For those familiar with the work of artist Rez Williams, the collection of his most recent work now showing at A Gallery in Oak Bluffs may be somewhat of a surprise. Well known for his large-scale paintings of New Bedford fishing boats, the popular Vineyard artist has more recently created a series of scenes of rural Ireland.
In an email to The Times Mr. Williams addressed the recent change in direction of his subjects “I began life as a visual artist with large shaped canvasses, internal geometric forms related to the shape of the stretcher, hard edges and unmodulated color. The choice of fishing vessels were/are an outgrowth of that underlying interest in abstraction. I’ve always tried to work in the gap between abstraction and reality and I think that holds for the new landscapes and New York cityscapes as well. Subject matter, therefore, is relatively unimportant.”
Mr. Williams’ current solo show spotlights a number of large works executed during a 2014 fellowship at the Ballinglen Arts Center in Ballycastle, County Mayo, Ireland. They are not your typical bucolic Irish landscapes (with the exception of a couple of striking paintings of cliffs). The latest paintings are intimate, realistic depictions of a small farming village and its environs. There is not a touch of idyllic interpretation or romantic imagining. The paintings are also devoid of any human figures, although human industry and day-to-day life are very clearly in evidence. In this respect, this latest series is not at all a departure from Mr. Williams’ boat paintings — a fascinating study of the beauty to be found in rather ordinary images that many of us might overlook.
Mr. Williams faced a bit of an artistic challenge during his residence at Ballinglen. According to his artist’s statement, “This northwest part of Mayo has a brutal desolation, with high plateaus of peat bog, clumps of smallish trees in the few crannies of the landscape, and a large powerful sky full of chaotic frontal systems off the North Atlantic.”
In an email to The Times he further described the setting in Ballycastle “The little village of Ballycastle on the north west coast of Co. Mayo is unremarkable, consisting of a single main street going downhill to the west and surrounded as far as you can see by open space, some of it devoted to grazing.”
The desolation and rawness of the land have proven to be the perfect setting for the artist’s unique vision. Mr. Williams is one of the most interesting and contemporary of Vineyard artists, whose work is much admired, and he has attracted a number of serious collectors. He captures the drama of sea, sky, and land, not from meticulous blending and indistinct outlines, but from bold brushstrokes and a masterful use of blunt color placement. In this respect, Mr. Williams is almost abstract and representational at the same time.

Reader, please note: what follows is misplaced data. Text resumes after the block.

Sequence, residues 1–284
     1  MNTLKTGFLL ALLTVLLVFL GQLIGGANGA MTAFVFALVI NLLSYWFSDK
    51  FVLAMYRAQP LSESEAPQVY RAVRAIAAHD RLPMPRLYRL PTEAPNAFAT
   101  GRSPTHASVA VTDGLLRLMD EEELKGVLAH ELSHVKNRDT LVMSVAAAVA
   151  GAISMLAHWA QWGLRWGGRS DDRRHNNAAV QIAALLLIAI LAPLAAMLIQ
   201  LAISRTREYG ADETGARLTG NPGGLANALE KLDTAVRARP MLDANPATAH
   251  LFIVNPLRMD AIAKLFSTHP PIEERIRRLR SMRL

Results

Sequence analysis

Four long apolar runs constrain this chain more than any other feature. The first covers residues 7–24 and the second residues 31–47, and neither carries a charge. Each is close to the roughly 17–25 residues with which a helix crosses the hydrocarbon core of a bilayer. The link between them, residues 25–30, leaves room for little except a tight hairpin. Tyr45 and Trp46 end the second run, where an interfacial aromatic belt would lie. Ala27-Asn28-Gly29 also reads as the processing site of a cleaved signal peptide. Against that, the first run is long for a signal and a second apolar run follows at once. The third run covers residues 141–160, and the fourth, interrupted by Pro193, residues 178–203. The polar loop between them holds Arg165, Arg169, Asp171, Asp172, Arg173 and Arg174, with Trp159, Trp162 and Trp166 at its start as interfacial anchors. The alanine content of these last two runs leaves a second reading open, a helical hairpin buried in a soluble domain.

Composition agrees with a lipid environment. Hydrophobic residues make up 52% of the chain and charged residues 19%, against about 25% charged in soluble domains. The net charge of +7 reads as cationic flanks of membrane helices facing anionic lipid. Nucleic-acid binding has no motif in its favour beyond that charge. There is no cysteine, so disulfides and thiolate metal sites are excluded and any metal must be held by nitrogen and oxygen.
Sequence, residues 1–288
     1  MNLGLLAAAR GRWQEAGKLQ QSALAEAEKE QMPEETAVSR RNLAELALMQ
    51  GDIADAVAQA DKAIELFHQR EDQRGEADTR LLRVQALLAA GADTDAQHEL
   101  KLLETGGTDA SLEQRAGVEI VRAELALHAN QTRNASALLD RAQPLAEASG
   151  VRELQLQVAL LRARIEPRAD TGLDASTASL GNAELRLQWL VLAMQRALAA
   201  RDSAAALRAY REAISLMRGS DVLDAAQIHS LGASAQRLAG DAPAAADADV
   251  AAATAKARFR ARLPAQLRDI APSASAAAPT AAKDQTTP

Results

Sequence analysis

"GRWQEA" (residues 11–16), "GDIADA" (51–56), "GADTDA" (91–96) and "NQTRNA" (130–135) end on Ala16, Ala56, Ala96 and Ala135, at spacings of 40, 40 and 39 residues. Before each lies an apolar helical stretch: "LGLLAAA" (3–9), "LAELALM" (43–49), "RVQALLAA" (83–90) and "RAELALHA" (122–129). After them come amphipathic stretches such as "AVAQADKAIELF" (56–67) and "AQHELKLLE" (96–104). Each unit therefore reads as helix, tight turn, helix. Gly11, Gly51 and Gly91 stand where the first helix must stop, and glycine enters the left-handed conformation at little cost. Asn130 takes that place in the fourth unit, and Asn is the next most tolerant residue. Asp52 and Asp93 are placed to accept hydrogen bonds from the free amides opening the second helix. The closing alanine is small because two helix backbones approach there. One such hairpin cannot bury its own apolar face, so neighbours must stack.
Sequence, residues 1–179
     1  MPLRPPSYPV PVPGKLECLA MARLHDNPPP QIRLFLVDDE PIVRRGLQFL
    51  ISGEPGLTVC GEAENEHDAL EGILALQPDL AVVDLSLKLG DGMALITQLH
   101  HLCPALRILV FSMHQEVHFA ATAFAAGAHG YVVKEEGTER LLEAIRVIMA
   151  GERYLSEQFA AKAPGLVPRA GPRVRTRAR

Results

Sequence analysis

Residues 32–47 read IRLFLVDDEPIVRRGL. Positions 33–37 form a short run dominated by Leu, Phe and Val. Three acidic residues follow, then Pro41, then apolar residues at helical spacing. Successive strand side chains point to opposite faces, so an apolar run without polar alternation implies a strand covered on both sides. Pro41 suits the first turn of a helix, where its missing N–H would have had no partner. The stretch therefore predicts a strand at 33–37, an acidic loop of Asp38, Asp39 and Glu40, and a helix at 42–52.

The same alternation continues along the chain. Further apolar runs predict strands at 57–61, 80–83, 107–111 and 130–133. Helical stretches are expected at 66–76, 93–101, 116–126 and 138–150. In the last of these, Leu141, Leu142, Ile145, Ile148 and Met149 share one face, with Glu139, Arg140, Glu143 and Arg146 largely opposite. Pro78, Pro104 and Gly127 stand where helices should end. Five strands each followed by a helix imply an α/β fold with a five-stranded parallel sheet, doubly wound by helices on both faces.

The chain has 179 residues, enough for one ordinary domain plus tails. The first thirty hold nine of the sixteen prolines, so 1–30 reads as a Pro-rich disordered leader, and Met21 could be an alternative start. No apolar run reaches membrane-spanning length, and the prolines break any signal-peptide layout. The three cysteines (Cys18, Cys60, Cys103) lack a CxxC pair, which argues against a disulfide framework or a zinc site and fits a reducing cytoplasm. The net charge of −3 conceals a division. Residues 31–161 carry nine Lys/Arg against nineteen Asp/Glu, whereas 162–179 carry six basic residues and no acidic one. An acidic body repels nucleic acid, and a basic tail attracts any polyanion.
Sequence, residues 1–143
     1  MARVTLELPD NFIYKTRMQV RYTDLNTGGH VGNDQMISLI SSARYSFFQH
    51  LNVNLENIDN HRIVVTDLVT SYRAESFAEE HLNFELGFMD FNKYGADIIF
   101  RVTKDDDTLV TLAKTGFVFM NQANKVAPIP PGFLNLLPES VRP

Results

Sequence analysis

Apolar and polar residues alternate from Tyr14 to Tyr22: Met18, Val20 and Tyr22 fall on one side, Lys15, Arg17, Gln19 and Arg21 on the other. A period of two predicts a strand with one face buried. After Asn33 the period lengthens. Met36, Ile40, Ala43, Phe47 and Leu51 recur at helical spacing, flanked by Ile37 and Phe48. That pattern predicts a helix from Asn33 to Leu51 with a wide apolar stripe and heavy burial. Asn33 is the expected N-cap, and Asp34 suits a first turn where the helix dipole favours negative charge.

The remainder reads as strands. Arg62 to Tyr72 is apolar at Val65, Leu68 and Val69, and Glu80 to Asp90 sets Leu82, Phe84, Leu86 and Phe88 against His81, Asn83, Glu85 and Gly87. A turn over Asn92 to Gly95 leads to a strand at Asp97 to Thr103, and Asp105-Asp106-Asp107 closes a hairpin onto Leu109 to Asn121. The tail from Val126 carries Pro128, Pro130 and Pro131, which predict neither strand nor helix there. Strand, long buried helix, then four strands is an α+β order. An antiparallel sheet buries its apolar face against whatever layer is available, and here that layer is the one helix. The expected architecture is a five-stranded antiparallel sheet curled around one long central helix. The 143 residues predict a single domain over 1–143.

You may notice a lightening of the palette in his Irish landscapes, something he himself was unaware of until he returned with the paintings to his West Tisbury studio. “The studio I was given at the Ballinglen Foundation had no windows, a locked door, a sink, chair, white walls, grey floor and a large north facing skylight. I had never painted in natural light before–you can see everything! That experience altered color relationships in subtle ways which may be of use down the road,” said Mr. Williams.
The paintings in the Ireland series feature industrial elements like commercial barns, aluminum sheds, farm machinery, and telephone wires. With a rather featureless landscape to draw from, these were the elements that the artist chose to turn his attention to: “Not having a car, I focused primarily on subject matter within walking distances, looking for material that was also, for the most part, fairly pedestrian in character. I’ve always felt that a satisfactory painting can be made with very ordinary visual ingredients.”
The question that begs to be answered is why Ballinglen is located in a landscape with so little obvious aesthetic appeal, and how other artists have dealt with this challenge. Mr. Williams has created an exceptional body of work from this working-class setting. The Ireland of tourist brochures it is not. The artist has captured the Ireland of the people with agrarian roots stretching back through centuries. And, somehow, he has created a series of paintings from this subject matter that is both beautiful and completely modern.
The show at A Gallery also includes a couple of the artist’s New York City paintings. Once again Mr. Williams has turned his eye away from the obvious and toward the mechanics of life. One painting is of the Whitney Museum under construction, the edifice surrounded by scaffolding. The other is a view of a hulking submarine moored in the Hudson River.
Collectors of Mr. Williams’ work descended on A Gallery before the show was even completely hung. By the time of the opening, there were a number of red dots in evidence, indicating early sales. For those interested in checking out work that lies outside the traditional land- and seascapes to be found in abundance here, this is a show not to be missed.
“Rez Williams, New Paintings — Landscapes and Fishing Vessels,” through August 6. A Gallery, 8 Uncas Avenue, Oak Bluffs, 917-378-0662; agallerymv.com.